On Feb. 21, the University of Georgia College Republicans hosted Rep. Karen Handel of the Georgia 6th congressional district to speak on campus. Focusing the first half of her speech on the Parkland school shooting, Handel rightly called it “an extraordinary act of evil.” Most importantly, and strikingly, she said that while some question it, she firmly believes in the purpose and power of prayer.
The most irritating (and popular) catchphrase the anti-gun crowd uses following a great act of evil such as the one in Parkland involves denouncing thoughts and prayers because “thoughts and prayers don’t stop bullets.” But this is a straw man. Perhaps I missed it, but I don’t think those who offer their thoughts and prayers are proposing their prayers as the sole policy solution.
Thoughts and prayers exist for the purpose of showing empathy, of feeling empathy, of being a human with a conscience. Not a single religious person believes that because a prayer goes up, a bullet will be stopped mid-air.
To a religious person like Rep. Handel, myself, and millions of other Americans, prayer strengthens her relationship with God, inspires her to live in the image of God, and gives her an intense and emotional desire to share God’s goodness with the broken world that surrounds her every day.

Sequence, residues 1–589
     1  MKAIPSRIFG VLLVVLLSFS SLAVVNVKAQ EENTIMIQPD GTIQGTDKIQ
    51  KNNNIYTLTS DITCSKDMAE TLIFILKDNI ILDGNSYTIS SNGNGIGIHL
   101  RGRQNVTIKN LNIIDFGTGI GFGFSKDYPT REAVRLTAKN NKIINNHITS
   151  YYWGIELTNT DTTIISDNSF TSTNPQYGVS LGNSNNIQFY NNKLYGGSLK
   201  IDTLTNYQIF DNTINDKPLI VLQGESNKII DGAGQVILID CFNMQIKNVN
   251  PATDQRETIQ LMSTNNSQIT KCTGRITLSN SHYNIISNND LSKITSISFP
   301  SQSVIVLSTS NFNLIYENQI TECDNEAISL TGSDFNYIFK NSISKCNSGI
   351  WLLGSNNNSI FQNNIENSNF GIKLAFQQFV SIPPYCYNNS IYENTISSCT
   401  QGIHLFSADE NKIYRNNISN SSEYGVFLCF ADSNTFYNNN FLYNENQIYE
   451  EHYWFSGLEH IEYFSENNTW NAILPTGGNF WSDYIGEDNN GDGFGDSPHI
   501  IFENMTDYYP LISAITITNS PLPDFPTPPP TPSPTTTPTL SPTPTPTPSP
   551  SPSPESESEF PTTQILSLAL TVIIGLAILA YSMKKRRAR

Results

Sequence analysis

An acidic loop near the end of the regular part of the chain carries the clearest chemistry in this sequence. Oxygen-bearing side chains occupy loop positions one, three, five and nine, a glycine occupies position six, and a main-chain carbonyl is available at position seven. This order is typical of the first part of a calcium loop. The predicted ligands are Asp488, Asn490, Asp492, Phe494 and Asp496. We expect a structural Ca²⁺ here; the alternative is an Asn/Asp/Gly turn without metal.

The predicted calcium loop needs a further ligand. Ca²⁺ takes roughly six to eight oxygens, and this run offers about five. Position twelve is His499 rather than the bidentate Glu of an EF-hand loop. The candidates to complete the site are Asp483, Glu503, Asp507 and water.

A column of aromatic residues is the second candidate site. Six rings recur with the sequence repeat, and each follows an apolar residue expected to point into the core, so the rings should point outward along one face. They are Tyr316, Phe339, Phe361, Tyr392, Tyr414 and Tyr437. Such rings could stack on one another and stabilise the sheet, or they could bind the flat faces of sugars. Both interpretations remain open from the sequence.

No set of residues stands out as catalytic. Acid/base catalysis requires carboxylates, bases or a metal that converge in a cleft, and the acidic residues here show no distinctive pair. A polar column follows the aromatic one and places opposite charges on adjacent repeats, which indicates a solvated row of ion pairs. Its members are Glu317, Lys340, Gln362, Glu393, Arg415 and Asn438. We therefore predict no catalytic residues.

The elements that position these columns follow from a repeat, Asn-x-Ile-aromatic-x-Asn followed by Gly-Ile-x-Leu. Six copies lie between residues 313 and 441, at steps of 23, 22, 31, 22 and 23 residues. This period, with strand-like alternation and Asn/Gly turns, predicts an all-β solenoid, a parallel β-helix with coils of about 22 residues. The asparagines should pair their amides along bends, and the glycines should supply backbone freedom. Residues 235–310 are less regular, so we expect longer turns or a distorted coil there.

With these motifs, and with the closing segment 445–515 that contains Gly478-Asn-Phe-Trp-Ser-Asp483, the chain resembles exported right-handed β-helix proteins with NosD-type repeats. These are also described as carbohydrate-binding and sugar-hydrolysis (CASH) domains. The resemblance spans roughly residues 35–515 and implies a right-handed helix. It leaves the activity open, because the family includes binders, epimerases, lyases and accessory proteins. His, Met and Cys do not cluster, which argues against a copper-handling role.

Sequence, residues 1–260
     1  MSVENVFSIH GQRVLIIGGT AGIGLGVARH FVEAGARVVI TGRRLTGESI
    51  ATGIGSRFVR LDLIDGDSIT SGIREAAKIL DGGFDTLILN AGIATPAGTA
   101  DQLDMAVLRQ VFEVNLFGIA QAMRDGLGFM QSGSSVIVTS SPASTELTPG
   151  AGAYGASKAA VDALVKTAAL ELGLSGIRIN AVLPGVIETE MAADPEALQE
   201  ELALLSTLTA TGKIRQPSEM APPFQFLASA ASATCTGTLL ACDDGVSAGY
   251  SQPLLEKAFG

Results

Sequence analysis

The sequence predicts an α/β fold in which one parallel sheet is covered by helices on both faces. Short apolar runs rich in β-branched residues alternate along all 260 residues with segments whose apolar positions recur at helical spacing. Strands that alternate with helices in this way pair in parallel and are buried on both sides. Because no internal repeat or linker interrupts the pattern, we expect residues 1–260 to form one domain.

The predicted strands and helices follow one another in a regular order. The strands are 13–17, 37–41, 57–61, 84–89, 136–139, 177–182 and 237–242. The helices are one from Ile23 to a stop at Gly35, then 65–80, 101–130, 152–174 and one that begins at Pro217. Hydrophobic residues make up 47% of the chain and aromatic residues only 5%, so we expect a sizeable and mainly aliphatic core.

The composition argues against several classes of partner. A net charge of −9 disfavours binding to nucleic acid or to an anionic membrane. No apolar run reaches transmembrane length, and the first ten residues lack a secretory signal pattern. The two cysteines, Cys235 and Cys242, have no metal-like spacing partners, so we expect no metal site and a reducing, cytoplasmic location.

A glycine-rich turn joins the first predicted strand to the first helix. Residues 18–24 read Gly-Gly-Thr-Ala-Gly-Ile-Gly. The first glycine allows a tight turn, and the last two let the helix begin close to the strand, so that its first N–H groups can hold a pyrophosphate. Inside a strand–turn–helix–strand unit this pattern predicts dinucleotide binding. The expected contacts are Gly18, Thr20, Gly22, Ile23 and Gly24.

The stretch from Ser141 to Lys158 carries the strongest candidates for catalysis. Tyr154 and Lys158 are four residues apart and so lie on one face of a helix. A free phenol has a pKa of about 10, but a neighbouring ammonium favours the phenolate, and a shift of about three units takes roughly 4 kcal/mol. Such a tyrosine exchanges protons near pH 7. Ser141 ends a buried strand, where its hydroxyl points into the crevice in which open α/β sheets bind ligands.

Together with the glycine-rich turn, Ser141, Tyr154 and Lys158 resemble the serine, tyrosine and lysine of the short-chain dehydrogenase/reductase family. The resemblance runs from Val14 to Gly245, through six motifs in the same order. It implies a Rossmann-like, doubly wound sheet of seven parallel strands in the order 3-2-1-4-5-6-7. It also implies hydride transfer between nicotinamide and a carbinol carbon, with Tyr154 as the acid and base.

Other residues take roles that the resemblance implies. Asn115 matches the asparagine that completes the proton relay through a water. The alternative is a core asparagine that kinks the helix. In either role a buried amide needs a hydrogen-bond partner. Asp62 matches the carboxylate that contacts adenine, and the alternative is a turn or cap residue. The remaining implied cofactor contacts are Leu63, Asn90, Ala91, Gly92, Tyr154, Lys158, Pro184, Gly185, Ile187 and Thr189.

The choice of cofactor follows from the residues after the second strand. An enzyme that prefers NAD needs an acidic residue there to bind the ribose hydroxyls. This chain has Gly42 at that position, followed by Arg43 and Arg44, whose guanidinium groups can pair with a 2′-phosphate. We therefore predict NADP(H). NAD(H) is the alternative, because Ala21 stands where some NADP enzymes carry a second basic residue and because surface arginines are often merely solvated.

Evil will never be eliminated. Not by men at least. Policy can deter evil — stop it, make it face the justice that it rightly deserves. But it will never change the fact that it exists. No, prayer is not the wall that will stop a bullet. But it is the only thing that can grab a perverse culture by its neck and force it to acknowledge the existence of the fallen world. Prayer may not stop an act of evil once in play, but it is the only thing that possess the power to transform evil and mend broken hearts. We do not pray to stop bullets; we pray to change evil.